So you’re at Lowes or Home Depot to pick up some wood for a project you saw on Pinterest. If this is your first time picking wood you probably did the same mistake I made and probably a few other first time woodworkers. Can you guess what that mistake is? It’s not knowing that you picked out some warped boards. I wish I knew about this when I first started woodworking. Or maybe I did, but can’t remember. My high school woodshop class was probably 10 years ago and the teacher was like “oh my god your a girl don’t touch anything. You will hurt yourself.”If only he could see me now. Anyway, here is my first post on basic woodworking series.
You’re probably wondering what is a warped board. To be frank its exactly as it sounds. It’s a board that has been twisted or reshaped by humidity, moisture, and other factors. Also if a piece of wood dries unevenly this makes the wood misshapen. Some are pretty obvious, but others you have to know what you’re looking for. There are a few wood terms to know and understand before picking out the wood at your local home improvement store. Lets get into it.
Types of Wood Warping
So I could illustrate these boards via some kind of software, but nothing beats a good ole paper and pencil sketch. Fun Fact: I took art AP Art all through High School, so I kinda know how to draw a little. I used Copic markers to color the boards in. These things are bomb for sketches. You’ll see them in illustrations, room rendering, fashion sketches and more. They just take a sketch a level up.
First image is bowing of the board. This is the curving of the board lengthwise from the facing. Same concept as a bow and arrow.
The second image demonstrates a kink. Did you ever have a kink at the end of your hair when you straighten your hair? Well, same difference. It’s basically a deviation of the board edgewise from a straight line.
The third image shows a twisted board. Its exactly like when you twist a long rectangular paper. The four corners of the board are no longer on the same plane. (Bet you didn’t think you would use geometry again after high school huh?)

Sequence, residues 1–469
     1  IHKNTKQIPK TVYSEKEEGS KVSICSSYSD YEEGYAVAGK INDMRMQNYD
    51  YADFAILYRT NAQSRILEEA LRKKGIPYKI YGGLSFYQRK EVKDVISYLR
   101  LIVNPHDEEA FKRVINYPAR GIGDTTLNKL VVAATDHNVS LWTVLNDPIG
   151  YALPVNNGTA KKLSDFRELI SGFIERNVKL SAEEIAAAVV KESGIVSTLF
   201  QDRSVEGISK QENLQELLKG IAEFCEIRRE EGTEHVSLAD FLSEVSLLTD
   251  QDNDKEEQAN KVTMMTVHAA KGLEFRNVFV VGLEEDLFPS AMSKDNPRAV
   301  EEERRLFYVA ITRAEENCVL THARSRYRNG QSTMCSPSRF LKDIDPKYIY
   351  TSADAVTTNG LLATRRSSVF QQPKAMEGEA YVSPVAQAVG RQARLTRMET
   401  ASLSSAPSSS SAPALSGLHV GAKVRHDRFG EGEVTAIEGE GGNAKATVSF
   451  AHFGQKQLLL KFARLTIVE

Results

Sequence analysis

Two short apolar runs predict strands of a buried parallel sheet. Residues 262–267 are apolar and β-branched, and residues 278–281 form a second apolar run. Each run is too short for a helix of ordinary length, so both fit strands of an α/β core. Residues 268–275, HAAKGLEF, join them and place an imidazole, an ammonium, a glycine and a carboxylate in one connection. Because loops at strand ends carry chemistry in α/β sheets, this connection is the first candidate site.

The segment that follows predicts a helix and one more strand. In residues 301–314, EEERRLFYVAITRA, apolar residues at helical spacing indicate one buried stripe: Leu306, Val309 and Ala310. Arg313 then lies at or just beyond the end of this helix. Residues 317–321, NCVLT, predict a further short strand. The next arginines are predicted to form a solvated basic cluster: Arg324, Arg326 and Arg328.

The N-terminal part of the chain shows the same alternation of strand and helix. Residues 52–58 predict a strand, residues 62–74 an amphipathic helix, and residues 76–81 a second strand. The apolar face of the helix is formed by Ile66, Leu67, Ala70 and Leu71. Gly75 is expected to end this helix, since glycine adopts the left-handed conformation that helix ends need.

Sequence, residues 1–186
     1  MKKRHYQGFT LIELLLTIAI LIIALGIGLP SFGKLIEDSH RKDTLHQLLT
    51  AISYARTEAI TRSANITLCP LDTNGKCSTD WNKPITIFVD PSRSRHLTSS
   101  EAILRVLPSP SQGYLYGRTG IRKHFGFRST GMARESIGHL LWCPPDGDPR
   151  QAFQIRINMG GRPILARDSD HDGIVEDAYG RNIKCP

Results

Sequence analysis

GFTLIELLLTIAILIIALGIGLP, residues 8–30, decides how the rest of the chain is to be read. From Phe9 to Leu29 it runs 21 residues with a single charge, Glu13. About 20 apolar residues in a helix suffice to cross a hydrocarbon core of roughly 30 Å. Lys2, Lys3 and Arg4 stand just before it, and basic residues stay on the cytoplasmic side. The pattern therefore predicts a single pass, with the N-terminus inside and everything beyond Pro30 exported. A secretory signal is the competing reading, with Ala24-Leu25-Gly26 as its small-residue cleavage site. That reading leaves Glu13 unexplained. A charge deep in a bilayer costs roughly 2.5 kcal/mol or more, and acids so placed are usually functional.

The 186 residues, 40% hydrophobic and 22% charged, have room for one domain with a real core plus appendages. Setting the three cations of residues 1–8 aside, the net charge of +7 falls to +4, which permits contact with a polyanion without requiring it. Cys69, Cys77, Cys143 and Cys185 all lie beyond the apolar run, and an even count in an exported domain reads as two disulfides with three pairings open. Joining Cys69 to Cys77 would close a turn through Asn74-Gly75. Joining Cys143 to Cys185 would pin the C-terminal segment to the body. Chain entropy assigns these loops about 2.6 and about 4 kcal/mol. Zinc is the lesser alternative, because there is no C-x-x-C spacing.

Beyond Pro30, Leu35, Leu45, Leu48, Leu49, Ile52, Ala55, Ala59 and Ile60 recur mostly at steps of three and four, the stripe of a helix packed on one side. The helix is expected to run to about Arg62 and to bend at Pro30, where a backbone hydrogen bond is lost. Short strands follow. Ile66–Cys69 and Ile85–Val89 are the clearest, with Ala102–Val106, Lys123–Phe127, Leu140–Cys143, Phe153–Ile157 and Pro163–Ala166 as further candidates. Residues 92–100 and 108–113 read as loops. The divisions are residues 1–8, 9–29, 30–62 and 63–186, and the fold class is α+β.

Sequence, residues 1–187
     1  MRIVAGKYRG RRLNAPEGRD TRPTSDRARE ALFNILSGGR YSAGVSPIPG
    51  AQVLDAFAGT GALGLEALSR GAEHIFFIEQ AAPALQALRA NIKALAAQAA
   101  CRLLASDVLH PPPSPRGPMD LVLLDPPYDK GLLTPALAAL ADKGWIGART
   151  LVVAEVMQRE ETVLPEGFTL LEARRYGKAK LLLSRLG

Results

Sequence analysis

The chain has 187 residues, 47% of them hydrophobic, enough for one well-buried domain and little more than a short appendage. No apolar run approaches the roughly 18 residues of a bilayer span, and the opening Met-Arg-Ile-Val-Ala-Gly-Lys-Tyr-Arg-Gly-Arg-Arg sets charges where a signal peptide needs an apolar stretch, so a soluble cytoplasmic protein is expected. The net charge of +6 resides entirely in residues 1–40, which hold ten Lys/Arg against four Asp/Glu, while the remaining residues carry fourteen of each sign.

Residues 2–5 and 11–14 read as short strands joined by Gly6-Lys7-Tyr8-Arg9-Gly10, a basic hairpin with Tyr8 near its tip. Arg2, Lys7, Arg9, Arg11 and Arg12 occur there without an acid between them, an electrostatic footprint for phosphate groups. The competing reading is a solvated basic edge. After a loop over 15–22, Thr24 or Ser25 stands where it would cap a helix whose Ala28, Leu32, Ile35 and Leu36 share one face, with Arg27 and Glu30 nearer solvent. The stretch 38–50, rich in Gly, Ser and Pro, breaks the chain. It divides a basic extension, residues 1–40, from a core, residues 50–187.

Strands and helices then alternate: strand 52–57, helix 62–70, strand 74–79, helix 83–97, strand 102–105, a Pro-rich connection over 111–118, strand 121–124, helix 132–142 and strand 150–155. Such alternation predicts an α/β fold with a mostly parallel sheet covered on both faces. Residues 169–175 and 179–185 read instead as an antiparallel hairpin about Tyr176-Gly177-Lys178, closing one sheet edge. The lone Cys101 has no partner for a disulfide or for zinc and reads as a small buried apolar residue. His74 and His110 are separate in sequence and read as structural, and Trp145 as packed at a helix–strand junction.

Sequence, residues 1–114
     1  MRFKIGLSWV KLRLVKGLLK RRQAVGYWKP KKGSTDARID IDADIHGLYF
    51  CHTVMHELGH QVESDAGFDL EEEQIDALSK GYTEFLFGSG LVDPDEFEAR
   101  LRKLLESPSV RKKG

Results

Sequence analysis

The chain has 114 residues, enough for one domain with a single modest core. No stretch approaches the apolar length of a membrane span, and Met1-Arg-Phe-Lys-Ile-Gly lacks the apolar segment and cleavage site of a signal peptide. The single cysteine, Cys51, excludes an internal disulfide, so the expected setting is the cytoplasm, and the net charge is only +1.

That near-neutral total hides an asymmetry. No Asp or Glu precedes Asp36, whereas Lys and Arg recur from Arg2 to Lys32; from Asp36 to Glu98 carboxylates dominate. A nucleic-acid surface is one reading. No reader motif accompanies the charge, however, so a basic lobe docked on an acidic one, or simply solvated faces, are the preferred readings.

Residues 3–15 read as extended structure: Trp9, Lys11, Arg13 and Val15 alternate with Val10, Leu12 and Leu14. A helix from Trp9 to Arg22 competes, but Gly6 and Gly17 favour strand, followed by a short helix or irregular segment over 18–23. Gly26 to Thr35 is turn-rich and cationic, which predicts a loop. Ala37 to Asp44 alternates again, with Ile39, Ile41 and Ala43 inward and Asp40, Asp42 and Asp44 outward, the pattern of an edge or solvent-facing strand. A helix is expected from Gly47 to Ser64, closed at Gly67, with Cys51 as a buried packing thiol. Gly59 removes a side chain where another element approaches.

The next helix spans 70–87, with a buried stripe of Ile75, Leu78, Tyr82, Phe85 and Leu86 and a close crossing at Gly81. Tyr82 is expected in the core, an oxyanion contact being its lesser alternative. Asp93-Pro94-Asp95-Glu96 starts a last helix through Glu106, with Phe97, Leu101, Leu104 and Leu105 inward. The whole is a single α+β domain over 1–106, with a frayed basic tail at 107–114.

The fourth picture is called cup or cupping of the board. I usually call this the happy or smiley face, depending on how you look at it. The deviation runs the length of the board.
And finally, the last image demonstrates the crook. The curvature of a board that is along the edge. Basically another happy or sad face but through the hole side of the board, or a crooked board. Don’t mistake this one as bowing, which is the curvature through the face not the edge.
Lets get a Close Up
Now that you got a basic knowledge of what a warped board is, its time to put it into practice.
Exactly how does one find these defaults. Well, there are the obvious ones where clearly there is something wrong with that board. An then there are the sneaky SOBs that you won’t know that they are warped till you get home uggghhh anyway I digress. After so many failed attempts I am with a shadow of a doubt more confident it picking my own boards.
To really get a good vantage point to see the defects of the board you want to hold the board up to your face and look down the length of the board. Do this for both faces and the edges. I tend to squint a little to really focus of the edges and the to see if there is any curvature in the faces.
Okay don’t judge I look like crap, I am hella tired from working on a ton of pieces in this Texas heat and I don’t feel like putting on my shoes just to demonstrate this easy tip.
This board is a good example of a straight board edge wise.
This board is an example of a twisted board. If you can see in the second picture. The end closes to me is flat on the floor while the other end is has a point flip up to the right. In the first picture the end facing away from me is perfectly on the ground on both points, while the end towards me is slanted. This is a type of board you defiantly don’t want to get. Oh and another tip, watch for splits at the end of the boards. That sucker will keep growing depending on the movement of the wood.
Wood warping is a common problem and some things you able to fix it with either a planner or some heavy weights. But when you don’t have that option it’s best to get the straightest boards at the yard. Now that’s not to say that they still won’t warp once you get them home. Storage also plays a role in warping. Depending on the humidity and moisture content in the wood. Next time I will go deeps on the different types of lumbar what what kinds of projects would work best with each so stay tuned. Hope this was helpful and that it gives you more confidence on your next shopping trip to Home Depot. Till next time amigas adios!
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